After the emotional experience last week of going into the leprosy colony, and then being sick all this past week, the idea of another trip was not appealing. After stomach flu and tiredness, it was difficult to convince myself that traveling two hours to connect with those who have far little than myself was going to be uplifting at all. Boy, was I wrong.
If you think of the most joyful times in your life, often they are with those we have known for a long time and treasure. Laughter at the family dinner table, great times with friends, moments of pure joy. And yet the joy that I experienced this Friday in the Moot Colony, was that of long lost friends. Where they get such a stockpile of laughter and smiles, I am not sure, but it made me think that maybe us Americans should change our bank.
The Moot Colony is a tiny colony in the middle of nowhere, with seven residents. Only seven. The live in a tiny row of cement rooms out in the middle of pastures and rice fields. We bring them food and medical care and they take care of their small homes and each other. Krishnan has no hands and no legs and moves himself about on a cart. Jihanraj loves to laugh and dance and his wife, who has does not have leprosy, also lives here at the colony, which is very uncommon. Another beautiful lady is so crippled she cant walk but hobbles on all fours, with one half of her face paralyzed. The half that can smile does brilliantly as she explains through gestures that she always feeds the birds, and they are her friends. She looks like she never gets enough to eat, and yet she shows us how to feed the birds and we all wait silently for them to come. She is so beautiful even though this disease has ravaged her body.
Besides supplies and company, we bring music to this small group, which creates an instant party. I sat with Krishnan who is deaf in one ear. I turned our traditional Tamil songs all the way up and we sat right in front of the stereo together. When he could hear the music, he looked up at a me with a grin and begin to move his shoulders and arms to the rhythm. We clapped together, rocked back and forth, and to us it was dancing.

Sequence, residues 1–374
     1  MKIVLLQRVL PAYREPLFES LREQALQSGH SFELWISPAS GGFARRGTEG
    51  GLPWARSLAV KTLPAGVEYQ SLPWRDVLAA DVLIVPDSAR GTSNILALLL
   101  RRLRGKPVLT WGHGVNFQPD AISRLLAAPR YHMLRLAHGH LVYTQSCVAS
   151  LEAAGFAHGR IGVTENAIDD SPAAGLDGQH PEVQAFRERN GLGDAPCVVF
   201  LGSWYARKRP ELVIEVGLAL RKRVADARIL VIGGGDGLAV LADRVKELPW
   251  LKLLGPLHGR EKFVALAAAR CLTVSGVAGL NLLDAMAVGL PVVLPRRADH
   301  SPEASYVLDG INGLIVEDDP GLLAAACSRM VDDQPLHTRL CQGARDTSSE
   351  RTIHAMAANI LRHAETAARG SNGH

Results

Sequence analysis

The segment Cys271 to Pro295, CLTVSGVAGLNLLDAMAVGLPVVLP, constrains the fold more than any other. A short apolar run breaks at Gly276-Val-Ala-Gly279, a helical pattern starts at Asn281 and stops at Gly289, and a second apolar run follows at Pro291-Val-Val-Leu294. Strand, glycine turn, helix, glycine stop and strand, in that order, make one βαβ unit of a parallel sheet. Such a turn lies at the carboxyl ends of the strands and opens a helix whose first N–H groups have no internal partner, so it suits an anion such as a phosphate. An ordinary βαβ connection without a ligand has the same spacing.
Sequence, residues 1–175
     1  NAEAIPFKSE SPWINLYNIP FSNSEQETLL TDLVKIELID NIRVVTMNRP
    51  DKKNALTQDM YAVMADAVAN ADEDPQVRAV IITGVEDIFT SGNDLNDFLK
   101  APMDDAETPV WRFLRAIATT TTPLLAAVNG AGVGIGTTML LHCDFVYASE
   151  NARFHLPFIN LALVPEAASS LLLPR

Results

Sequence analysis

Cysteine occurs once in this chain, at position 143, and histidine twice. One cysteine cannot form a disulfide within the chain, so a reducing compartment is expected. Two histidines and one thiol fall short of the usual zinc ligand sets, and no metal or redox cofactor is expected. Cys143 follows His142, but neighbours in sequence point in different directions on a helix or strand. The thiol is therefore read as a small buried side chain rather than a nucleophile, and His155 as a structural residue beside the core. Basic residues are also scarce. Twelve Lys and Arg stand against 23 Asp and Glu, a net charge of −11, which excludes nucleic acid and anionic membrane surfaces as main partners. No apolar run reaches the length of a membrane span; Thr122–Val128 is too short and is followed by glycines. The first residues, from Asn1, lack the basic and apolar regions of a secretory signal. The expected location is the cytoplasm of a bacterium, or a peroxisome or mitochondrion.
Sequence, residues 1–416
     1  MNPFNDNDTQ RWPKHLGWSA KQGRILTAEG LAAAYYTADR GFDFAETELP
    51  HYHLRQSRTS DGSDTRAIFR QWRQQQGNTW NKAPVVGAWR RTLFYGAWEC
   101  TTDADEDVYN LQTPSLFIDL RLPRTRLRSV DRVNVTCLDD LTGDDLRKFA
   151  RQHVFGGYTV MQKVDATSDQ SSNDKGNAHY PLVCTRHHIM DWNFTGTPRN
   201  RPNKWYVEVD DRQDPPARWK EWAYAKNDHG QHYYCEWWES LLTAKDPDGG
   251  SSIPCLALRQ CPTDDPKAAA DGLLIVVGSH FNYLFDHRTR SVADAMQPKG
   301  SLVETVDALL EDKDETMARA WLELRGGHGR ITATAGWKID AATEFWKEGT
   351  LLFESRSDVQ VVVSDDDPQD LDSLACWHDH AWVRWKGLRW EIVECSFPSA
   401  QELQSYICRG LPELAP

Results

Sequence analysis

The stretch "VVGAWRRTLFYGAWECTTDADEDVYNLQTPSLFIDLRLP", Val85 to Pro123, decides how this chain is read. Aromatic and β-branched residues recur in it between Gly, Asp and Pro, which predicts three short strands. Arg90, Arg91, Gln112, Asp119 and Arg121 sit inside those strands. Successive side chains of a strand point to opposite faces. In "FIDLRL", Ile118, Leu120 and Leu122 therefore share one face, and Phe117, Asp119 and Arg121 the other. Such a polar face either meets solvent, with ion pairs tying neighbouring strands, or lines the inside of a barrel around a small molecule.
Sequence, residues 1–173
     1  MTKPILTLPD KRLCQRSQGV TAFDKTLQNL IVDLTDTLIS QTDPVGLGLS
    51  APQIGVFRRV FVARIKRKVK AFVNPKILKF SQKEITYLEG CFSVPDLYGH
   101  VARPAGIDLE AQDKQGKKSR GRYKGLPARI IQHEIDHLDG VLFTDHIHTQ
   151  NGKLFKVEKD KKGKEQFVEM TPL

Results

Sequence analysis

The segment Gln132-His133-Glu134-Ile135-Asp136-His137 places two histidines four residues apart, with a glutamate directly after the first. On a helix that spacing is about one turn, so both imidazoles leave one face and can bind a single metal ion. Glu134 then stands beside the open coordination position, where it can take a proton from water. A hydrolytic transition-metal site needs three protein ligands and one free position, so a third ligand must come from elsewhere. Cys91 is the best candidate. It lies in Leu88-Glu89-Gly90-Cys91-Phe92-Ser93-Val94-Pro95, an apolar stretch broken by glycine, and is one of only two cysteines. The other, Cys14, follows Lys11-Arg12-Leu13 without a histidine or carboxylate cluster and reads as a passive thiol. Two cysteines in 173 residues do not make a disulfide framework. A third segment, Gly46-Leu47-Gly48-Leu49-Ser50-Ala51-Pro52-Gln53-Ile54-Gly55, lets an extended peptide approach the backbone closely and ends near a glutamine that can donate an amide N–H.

Jihanraj was the life of the party. He welcomed us with shouts and laughter, an immediate jolly disposition, and it was quickly apparent that he was the “super dancer.” As soon as we turned on the music and began to move, he laughed heartily and showed us his own Indian moves. Most of the afternoon I spent following him, learning from him and his rhythm based arm shakes, accompanied with faces galore. I can’t explain this man’s joy, but it was so robust, I spent the afternoon laughing as if we had been long time friends. His english was poor but enough, and he kept saying “Super super dancer!” Halfway through the afternoon our stereo ran out of batteries, much to all our sadness. We then started coming up with imaginary instruments we could play and pretending on our guitars and trumpets and pianos. We also sang a song written by my program’s founder, Shaun Parry, called “I’m a Rising Star.”
To say it was magical is not enough. This tiny colony, having become tiny only from members dying, finds more joy in a simple afternoon sitting around with friends, music, some mango, dancing, and the birds, than many of us find in our fancy food and nice apartments and big cities. Not to say that we don’t feel joy, but that this joy was truly unbridled, even toward strangers such as myself. I arrived a stranger, and I left an endeared long-time friend. To say I laughed more heartily and joyfully at a leprosy colony than I often do at home, says so much for these colonies. Yes, it is a very hard road. But they are not just walking it. They are dancing down it, hard or not.